The UK Coaching Curious’ Coaches Club discussion this week focused on the subject of Skill Acquisition and was led by Marianne Davies, Stuart Armstrong and Kendal McWade. The discussion covered the topic of skill development, the supporting environment and the role of the coach. The Community of Practice discussions were varied and provided a platform to continue the conversation around the theme, helping the coaches involved to make sense of the topic in their own environments.
Here is a commentary on some of key discussion points:
Great Detective Story
With possibly one of the best explanations for what effective coaching for skill acquisition is, UK Coaching Senior Coach Developer Marianne Davies explained, “Coaching is like a great detective story. As coaches you need to leave the right number of clues for the learners to make their own decisions based on what they see Infront of them”.
Games with constraints
When you really consider what works in skill acquisition looking at constraints-based games makes sense. Using games where there are high levels of contextual interference (chaotic situations) and the constraints of the game are adapted to challenge athletes to play in a certain way then the opportunity to learn and develop new skills takes place. This provides an exiting opportunity for coaches to design their practices and structure their challenges, so individuals, units and teams are ‘constrained’ to play in a specific way.
The beauty of using games is that it gives a clear context to the athlete about where, when and why they would select a specific movement or skill, which ultimately helps them build a library of movements to call upon in pressure-based situations.
We are dealing with humans who need to think, feel and move to execute a skill – with enough practice skill becomes automatic, but not automated.
What games could you design that set movement and performance challenges? What clues might you leave to help the athletes think and move in a helpful way?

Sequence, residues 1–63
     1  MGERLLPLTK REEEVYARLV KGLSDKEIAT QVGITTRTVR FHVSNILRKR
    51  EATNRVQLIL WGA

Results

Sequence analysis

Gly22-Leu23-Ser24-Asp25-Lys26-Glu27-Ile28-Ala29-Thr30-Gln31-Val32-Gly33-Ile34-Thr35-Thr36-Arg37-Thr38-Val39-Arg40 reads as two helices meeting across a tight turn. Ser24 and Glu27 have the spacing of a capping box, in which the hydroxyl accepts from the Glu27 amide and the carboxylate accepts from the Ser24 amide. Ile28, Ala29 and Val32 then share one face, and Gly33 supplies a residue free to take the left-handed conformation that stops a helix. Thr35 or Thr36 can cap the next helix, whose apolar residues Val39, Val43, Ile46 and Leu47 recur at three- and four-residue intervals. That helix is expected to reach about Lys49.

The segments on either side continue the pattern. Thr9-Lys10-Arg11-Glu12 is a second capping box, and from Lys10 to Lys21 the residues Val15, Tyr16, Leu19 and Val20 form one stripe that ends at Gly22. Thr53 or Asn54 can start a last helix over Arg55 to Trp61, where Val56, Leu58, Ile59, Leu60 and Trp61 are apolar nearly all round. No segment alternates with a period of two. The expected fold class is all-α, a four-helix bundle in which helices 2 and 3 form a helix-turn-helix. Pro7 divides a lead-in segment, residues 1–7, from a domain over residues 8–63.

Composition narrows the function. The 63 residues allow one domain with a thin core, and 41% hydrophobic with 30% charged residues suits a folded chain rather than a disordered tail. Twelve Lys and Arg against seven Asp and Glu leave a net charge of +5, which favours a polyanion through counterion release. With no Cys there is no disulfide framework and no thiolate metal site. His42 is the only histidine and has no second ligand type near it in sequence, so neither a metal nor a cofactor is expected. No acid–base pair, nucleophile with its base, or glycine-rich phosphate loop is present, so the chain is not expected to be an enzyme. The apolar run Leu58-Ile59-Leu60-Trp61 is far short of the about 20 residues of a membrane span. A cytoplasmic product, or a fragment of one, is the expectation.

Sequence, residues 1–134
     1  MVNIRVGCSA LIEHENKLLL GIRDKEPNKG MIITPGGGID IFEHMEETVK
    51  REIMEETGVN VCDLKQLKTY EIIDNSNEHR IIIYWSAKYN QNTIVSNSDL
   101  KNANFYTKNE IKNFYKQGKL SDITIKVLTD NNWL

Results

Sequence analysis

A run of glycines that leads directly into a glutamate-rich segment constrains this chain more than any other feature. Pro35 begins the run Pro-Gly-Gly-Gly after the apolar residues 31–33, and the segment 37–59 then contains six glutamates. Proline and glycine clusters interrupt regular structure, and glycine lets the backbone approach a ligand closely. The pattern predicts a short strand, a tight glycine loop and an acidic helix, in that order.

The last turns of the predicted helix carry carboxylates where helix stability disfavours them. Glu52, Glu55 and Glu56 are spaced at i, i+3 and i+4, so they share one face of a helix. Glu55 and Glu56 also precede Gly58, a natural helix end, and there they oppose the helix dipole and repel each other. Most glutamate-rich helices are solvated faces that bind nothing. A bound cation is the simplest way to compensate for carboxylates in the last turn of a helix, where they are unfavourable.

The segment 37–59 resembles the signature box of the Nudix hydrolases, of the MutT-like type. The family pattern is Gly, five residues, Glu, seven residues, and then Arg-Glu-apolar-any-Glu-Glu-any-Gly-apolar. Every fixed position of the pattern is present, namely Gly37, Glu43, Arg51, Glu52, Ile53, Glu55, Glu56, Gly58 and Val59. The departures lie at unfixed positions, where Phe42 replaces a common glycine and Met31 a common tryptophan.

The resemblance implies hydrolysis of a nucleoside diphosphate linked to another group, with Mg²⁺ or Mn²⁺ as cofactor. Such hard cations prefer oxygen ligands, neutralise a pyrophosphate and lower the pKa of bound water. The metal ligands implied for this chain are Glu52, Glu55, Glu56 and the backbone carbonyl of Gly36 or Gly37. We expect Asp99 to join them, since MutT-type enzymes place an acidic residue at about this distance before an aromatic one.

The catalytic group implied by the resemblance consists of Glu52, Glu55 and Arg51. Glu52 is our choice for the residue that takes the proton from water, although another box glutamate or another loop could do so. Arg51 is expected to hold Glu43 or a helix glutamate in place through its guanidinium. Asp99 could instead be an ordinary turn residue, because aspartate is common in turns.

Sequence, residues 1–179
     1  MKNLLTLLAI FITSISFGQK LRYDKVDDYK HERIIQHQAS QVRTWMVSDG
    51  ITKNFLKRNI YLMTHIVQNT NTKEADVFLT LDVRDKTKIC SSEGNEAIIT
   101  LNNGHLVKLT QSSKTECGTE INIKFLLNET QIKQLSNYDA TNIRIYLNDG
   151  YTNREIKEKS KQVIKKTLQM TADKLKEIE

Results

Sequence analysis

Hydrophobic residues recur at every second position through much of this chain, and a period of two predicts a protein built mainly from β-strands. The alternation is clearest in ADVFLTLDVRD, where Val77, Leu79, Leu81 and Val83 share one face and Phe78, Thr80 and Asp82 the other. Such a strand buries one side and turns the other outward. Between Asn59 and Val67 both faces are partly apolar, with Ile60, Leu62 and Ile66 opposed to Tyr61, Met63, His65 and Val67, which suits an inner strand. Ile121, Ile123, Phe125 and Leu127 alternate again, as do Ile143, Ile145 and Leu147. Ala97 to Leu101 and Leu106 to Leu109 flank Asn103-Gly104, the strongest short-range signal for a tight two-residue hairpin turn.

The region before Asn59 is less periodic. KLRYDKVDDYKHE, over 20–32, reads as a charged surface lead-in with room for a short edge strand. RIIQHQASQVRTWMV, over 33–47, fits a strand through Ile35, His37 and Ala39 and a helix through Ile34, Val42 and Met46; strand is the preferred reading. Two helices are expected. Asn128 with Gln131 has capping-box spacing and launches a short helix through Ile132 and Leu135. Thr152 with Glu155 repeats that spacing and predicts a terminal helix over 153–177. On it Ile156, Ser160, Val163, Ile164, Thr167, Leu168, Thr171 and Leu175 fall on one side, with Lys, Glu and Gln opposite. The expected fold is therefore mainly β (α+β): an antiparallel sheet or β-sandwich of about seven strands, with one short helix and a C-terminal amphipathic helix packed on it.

Coaching for redundancy
What is your role as a coach when games are taking place? Surely if you are directive and commanding then you steal the learning opportunities from the athletes? Consider how you spend your time when practice is taking place? Are you observing, tweaking, setting challenges, creating affordances?
Perhaps think about your coaching behaviours and interventions as a sound deck. What behaviours do you need to turn up, and what need turning down to increase the opportunity for your athletes acquiring new skills?
Expectations v Reality
Coaching with games and constraints might look a little different for athletes and the parents who bring them to and from coaching practice. Instead of a practice that might look controlled it could be chaotic, messy and unstructured.
Consider how you might bring the parents with you on the coaching journey and share your ideas and reasons behind using more constraints based coaching practices to support learning and development. Here are a few pointers:
· Games with constraints help prepare the athletes for competition
· The game gives the athlete context for making the right movement and decision at the right time
· You might see more mistakes during chaotic games, but mistakes are crucial for learning
· When you watch me coaching, I might not be as vocal as you might think. If I am quiet, I am watching and listening intently to what the athletes are doing in the practice, and ready to set new and exciting challenges
Learning a new language
As coaches there is a lot of language we use around the subject of skill acquisition that could become unhelpful and ‘jargonistic’. Here are some two starters for modifying the language you use as a coach:
Technique > Movement Solution
Guided Discovery > Guided Exploration
Can you think of any more that would be useful for coaches?
When we look at our sports you might be able to consider athletes finding movement solutions, which at the time felt new, unorthodox and creative. Perhaps Johan Cruyff performing the Cruyff turn for the first time, or Lasith Malinga bowling in a different way.
Imagine if coaches in their players pathway had corrected the movements or coached the creativity out of their games?
Consider your coaching and how much you allow for athletes finding their own movement solutions to the performance challenges you set as a coach.